What are gallstones?
Gallstones (often misspelled gall stones, or gall stone) are stones that form in the gall (bile).
- Bile is a watery liquid made by the cells of the liver that is important for digesting food in the intestine, particularly fat.
- Liver cells secrete the bile they make into small canals within the liver.
- The bile flows through the canals and into larger collecting ducts within the liver (the intrahepatic bile ducts).
- The bile then flows within the intrahepatic bile ducts out of the liver and into the extrahepatic bile ducts-first into the hepatic bile ducts, then into the common hepatic duct, and finally into the common bile duct.
What is the gall bladder ?
The gall bladder is a small pear-shaped organ situated directly under the liver in the right upper quadrant of the abdomen.
Q. What is the function of the gall bladder ?
Its main function is to collect and concentrate the bile that the body uses to digest fats.
Problems with the gall bladder and biliary system are very common and consist of :-
- Inflammation of the gall bladder and bile ducts
- Muscular spasms and/or poor contraction of the gall bladder wall
- Stones forming in the gall bladder and/or bile ducts
- Obstruction to the free flow of bile
Surgeons are often very keen to remove the gall bladder as it is believed that it 'serves no purpose'. This is very untrue. The process of bile production is an 'expensive' biochemical process. The body has developed the gall bladder to store bile that has been recovered from the bowel to be recycled - thus saving the liver from having to produce new batches. Therefore, the gall bladder is vitally important as it takes a lot of workload off the liver.
If the gall bladder is diseased and dysfunctional - it is often due to the fact that the liver is under stress and is also dysfunctional. A dysfunctional liver will tend to produce toxic unhealthy bile.
What is bile ?
Bile is a substance made in the liver cells (hepatocytes) consisting of water, electrolytes, bile acids, cholesterol, phospholipids and bilirubin. It is a fat emulsifying agent helping to keep cholesterol levels in check. It also assists with absorption of certain nutrients, namely the fat soluble vitamins A, D E and K.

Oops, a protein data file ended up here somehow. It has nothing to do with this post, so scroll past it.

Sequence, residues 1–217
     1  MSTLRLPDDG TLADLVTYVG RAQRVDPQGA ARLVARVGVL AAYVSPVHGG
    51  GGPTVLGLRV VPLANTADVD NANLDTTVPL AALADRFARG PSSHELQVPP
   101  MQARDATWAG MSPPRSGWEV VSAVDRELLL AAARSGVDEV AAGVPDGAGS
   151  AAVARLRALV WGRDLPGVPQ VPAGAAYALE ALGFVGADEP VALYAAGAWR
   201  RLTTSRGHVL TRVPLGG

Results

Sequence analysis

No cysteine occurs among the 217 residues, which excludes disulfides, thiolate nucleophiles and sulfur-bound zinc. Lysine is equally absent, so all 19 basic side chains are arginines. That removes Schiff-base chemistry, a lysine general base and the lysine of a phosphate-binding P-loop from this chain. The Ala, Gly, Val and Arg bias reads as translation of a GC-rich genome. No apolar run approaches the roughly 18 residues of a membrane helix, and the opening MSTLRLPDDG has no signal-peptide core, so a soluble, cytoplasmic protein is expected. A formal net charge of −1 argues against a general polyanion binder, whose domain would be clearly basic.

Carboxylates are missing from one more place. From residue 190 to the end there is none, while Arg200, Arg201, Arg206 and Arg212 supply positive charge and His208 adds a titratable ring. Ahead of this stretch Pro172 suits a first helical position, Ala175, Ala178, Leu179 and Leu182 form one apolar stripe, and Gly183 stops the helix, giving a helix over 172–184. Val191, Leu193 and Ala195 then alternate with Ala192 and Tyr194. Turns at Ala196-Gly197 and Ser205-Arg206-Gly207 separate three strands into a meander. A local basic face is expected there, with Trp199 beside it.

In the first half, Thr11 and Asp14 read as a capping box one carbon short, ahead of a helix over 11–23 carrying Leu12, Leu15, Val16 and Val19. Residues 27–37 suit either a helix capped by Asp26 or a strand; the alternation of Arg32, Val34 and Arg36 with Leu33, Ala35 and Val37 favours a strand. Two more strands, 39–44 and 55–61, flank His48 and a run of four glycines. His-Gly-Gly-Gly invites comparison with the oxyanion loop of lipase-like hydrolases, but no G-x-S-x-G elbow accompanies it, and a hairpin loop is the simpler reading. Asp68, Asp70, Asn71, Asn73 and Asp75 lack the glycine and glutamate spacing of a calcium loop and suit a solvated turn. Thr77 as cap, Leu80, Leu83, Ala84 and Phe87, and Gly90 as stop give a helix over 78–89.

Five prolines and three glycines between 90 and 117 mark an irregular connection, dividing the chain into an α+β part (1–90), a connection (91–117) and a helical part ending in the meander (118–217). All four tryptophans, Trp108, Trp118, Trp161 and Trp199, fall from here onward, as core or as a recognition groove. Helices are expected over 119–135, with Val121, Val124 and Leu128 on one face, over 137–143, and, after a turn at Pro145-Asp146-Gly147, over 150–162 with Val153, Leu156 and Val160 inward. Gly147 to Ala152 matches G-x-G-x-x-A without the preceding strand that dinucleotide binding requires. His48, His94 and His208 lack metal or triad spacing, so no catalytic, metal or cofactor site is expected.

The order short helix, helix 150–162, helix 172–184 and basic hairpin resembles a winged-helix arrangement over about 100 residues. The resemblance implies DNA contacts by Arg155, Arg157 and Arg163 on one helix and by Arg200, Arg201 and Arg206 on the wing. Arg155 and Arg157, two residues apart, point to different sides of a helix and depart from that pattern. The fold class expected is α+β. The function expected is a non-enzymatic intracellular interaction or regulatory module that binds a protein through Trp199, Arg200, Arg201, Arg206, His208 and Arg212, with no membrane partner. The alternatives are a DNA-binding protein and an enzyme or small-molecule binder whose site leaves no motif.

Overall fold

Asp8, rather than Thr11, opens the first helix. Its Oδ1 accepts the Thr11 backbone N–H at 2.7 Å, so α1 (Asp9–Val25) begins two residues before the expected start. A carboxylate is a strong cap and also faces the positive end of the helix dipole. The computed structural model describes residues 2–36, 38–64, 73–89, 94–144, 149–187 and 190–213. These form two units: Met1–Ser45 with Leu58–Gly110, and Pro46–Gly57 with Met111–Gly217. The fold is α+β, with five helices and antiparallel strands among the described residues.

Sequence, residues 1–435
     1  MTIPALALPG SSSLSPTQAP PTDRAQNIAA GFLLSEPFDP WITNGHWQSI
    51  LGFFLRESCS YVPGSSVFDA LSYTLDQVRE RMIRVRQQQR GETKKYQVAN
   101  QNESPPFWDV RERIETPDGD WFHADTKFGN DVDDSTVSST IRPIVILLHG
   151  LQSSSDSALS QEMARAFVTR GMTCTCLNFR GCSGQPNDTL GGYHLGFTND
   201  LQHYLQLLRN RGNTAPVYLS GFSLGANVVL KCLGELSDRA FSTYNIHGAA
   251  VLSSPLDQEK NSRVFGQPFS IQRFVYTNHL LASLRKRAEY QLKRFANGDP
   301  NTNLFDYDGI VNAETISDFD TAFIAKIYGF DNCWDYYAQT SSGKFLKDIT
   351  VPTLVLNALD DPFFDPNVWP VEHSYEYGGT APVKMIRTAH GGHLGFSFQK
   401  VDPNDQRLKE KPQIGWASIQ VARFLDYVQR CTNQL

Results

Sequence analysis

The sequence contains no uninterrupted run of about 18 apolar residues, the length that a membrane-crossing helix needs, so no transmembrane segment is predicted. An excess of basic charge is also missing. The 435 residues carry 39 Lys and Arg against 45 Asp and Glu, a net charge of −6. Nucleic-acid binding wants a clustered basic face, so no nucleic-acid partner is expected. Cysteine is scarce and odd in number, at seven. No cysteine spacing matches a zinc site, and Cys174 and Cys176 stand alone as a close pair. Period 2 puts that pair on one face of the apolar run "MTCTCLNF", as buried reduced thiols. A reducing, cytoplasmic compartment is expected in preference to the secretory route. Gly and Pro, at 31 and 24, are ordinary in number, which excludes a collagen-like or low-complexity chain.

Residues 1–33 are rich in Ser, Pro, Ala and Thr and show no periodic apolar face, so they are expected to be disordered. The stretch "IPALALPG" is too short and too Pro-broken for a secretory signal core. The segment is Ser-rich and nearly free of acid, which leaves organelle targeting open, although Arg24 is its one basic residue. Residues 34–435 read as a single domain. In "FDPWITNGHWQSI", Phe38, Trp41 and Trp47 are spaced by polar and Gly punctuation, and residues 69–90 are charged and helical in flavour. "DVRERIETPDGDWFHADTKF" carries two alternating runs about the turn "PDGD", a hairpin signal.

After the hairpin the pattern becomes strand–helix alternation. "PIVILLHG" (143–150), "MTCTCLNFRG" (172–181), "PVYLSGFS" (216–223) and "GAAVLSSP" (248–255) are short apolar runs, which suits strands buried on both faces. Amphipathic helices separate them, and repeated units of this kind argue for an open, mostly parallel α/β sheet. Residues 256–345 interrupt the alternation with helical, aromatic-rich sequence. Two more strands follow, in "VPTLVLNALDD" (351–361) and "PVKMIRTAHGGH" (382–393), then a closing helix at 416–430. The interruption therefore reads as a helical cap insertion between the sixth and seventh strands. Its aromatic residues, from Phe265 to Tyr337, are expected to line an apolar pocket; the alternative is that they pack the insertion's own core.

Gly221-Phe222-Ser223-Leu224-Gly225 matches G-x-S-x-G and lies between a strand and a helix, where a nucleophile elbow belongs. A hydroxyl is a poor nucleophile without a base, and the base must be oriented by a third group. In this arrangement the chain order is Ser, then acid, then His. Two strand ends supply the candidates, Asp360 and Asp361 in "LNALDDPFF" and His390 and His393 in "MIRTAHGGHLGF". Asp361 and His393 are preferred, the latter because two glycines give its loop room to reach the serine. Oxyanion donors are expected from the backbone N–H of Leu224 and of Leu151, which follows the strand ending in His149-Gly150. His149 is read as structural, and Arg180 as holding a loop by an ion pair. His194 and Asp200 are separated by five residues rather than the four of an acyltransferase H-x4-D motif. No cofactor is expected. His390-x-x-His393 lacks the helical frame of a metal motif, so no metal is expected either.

- steady, severe pain in the upper abdomen that increases rapidly and lasts from 30 minutes to several hours
- pain in the back between the shoulder blades
- pain under the right shoulder
- nausea or vomiting
- abdominal bloating
- recurring intolerance of fatty foods
- Production of toxic bile by the liver
- Inadequate production of bile by the liver
- Sluggish flow of bile
- Excess amounts of cholesterol in the bile, resulting in stone formation
- Infection of the gall bladder
- Poor dietary choices with excess consumption of fatty foods, dairy products and fried foods.
- The hormonal changes of pregnancy
- The oral contraceptive pill and some types of hormone replacement therapy
- Some types of blood disorders
Generally speaking the gall bladder becomes diseased or dysfunctional because the liver is producing unhealthy bile. The bile is either toxic or contains excess amounts of fat and bacteria. To improve gall bladder problems, we must improve the quality of the bile, by improving the liver function. Even after the gall bladder is removed there may still be problems in the bile ducts inside & outside the liver. This is because the underlying problem of toxic bile has not been corrected.
Indeed after gall bladder removal the following things may still happen : -
- Stones & gravel may form in the bile ducts inside & outside the liver
- The liver may develop fatty changes
Thus it is important to take extra care of your liver if you have gall bladder problems, or if you have had your gall bladder removed.
Gall Bladder treatment Include : -
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